Bombay in 1946 was an epicentre for the cry for freedom from the British Raj. Lots of now famous and some infamous things happened during this time. One of these is the story of the biopic of the Urdu Bollywood scriptwriter Saadat Hasan Manto, played by Nawazuddin Siddiqui. Manto, written,directed and produced by Nandita Das, tells his story through the eyes of those around him. This film has already been acclaimed at Cannes and was recently released to Indian audiences on the 21st of September.
The music direction of the movie has been given to Sneha Khanwalkar. Already well known for the Gangs of Wasseypur franchise and Detective Bymokesh Bakshy! amongst others, her gritty and real-life music is often perfect for the period, without needing to take the audience back to it. In this film its important to realise that the music is pre-Lata Mangeshkar when the giants were Shamshad Begum and Noor Jehan, where Mohammad Rafi was but a young upstart taking over from the recently retired KL Sehgal. So, it should be no surprise that the songs sound a bit off-tone sounding but also that they are nasally voiced.
Rekha Bharadwaj is a perfect opening example in the first song, Ban Titli (Gratis). Nothing more than harmonium and tabla to back her lightly nasal voice, the song seems to be set for a courtesan environment. In films of those days these songs could go on for nearly 10 mins depending on the importance of the moment. To keep it modern Sneha has created a short song: as much as to keep the story flowing, as to hide the lack of lyrics. Nevertheless, this could be straight out of 50s or 60s Bollywood starring Dilip Kumar watching on while a ‘kaneez’ falls for him.
Following on in the same sound but for a completely different feeling is Ab Kya Bataun. Starting out like a qawwali, Shubha Joshi’s nasal tones are backed by harmonium and tabla singing “Ab kya bataun, ki tere milne se kya mila”. Slowly the song seems to break out into a jazz club vibe with added synth sounds to modernise the sound even further. High hat and bass drum combine with strings give a slow big band feel. Shubha Joshi becomes very light in voice until a muted trumpet overrides her towards the end and becomes a bridge. Once again this seems to cover the lack of many lyrics but the sublime feeling of this song covers over it well.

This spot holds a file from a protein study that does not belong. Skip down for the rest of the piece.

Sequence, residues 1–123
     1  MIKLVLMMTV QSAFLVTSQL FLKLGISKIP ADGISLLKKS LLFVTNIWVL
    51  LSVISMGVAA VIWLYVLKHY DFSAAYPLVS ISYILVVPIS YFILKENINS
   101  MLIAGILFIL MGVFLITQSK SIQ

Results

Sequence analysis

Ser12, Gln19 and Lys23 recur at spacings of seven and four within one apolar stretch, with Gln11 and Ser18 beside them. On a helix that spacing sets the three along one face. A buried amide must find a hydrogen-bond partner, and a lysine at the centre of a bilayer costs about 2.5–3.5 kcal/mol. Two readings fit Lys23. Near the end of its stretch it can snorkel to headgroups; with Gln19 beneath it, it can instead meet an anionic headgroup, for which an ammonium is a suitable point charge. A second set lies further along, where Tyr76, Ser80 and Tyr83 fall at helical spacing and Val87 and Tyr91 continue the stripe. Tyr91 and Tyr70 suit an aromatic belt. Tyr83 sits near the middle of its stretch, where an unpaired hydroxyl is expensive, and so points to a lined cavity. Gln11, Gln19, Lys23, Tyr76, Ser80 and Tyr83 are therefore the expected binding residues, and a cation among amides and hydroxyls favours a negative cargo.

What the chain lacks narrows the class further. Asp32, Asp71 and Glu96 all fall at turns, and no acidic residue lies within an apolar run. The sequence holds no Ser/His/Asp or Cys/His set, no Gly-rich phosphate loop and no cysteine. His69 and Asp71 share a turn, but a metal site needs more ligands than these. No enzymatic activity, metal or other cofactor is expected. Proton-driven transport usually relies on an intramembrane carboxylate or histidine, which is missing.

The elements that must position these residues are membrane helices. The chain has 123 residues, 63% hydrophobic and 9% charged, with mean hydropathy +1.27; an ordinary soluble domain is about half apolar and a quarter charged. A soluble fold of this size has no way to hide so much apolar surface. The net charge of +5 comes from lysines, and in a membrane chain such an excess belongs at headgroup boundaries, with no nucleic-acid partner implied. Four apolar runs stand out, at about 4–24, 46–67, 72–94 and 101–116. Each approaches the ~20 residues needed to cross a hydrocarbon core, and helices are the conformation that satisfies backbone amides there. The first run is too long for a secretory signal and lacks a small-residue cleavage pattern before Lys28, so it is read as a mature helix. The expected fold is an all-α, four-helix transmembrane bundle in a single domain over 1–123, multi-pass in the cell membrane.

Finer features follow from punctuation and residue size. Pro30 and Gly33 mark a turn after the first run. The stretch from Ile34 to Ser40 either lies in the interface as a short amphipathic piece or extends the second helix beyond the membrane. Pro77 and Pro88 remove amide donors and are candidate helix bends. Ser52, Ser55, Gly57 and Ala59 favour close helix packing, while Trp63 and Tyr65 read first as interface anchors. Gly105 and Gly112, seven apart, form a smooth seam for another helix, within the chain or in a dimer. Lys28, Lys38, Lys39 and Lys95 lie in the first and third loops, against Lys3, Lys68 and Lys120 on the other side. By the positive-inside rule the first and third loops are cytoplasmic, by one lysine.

For those who have been exposed to songs of this period, SD Burman is the music director whose name most easily pops up. His legacy is so tied to this period, that some of the most famous ones are ones he sang himself. In Nagri Nagri, technology is used to take the audience back there, and listeners will get to hear that voice once more! On first and even second listen its hard to tell that the voice is Shankar Mahadevan for the first 90 seconds. Backed up by mridangam and finger clicking sounds, this sounds like the actor is listening to the song on a gramophone or radio. A strange echo effect is added after 2 mins as Shankar Mahadevan steps up to the fast-paced lyrics like in his composition Breathless, except this time arabic drums came up in the background for support.
Finally, comes a proper azadi song in Bol Ke Lab Azaad Hain. Once again technology plays a part with screeching violins to drag in the audience’s attention. Vidya Shah is made to sound like Shamshad Begum and Ustad Rashid Khan brings his classical tones in this driving, patriotic song. The violins seem to be controlling beat and rhythm, a harmonium comes in half way to provide a bridge and a clarinet similar in style to Shankar Tucker is added to bring an odd but interesting sound.
Before concluding, a bonus track must be noted. This is not part of the album per se, however its definitely a very interesting take on this film and its music. Mantoiyat by Raftaar with dialogues interspersed by Nawazuddin Siddiqui is a hard rap song unlike any other rap songs used in films this year. This is definitely on the 18+ list with some heavy swearing throughout the lyrics and Raftaar not only giving an angry rhyme but a very angry song. A light angelic chorus is always hiding in the background sometimes under, sometimes over the hard beats. There is no holding back here at all, its very frank and to the point.
This album certainly feels like its for the period around independence even though there are some interesting instrumentation choices. There is also a lot of reliance on the singers to perform what they are best known for, which can sometimes cause more problems as singers try for something a little different while sticking to the required mood or style. Yet, these things come together well to find a happy medium between old and new; allowing for those who want to listen to the songs as reminders of those days and for those who need to listen to something a bit different from the normal renditions of bhangra or hip-hop. The fact that Raftaar has also got involved can only mean it must get a very high rating.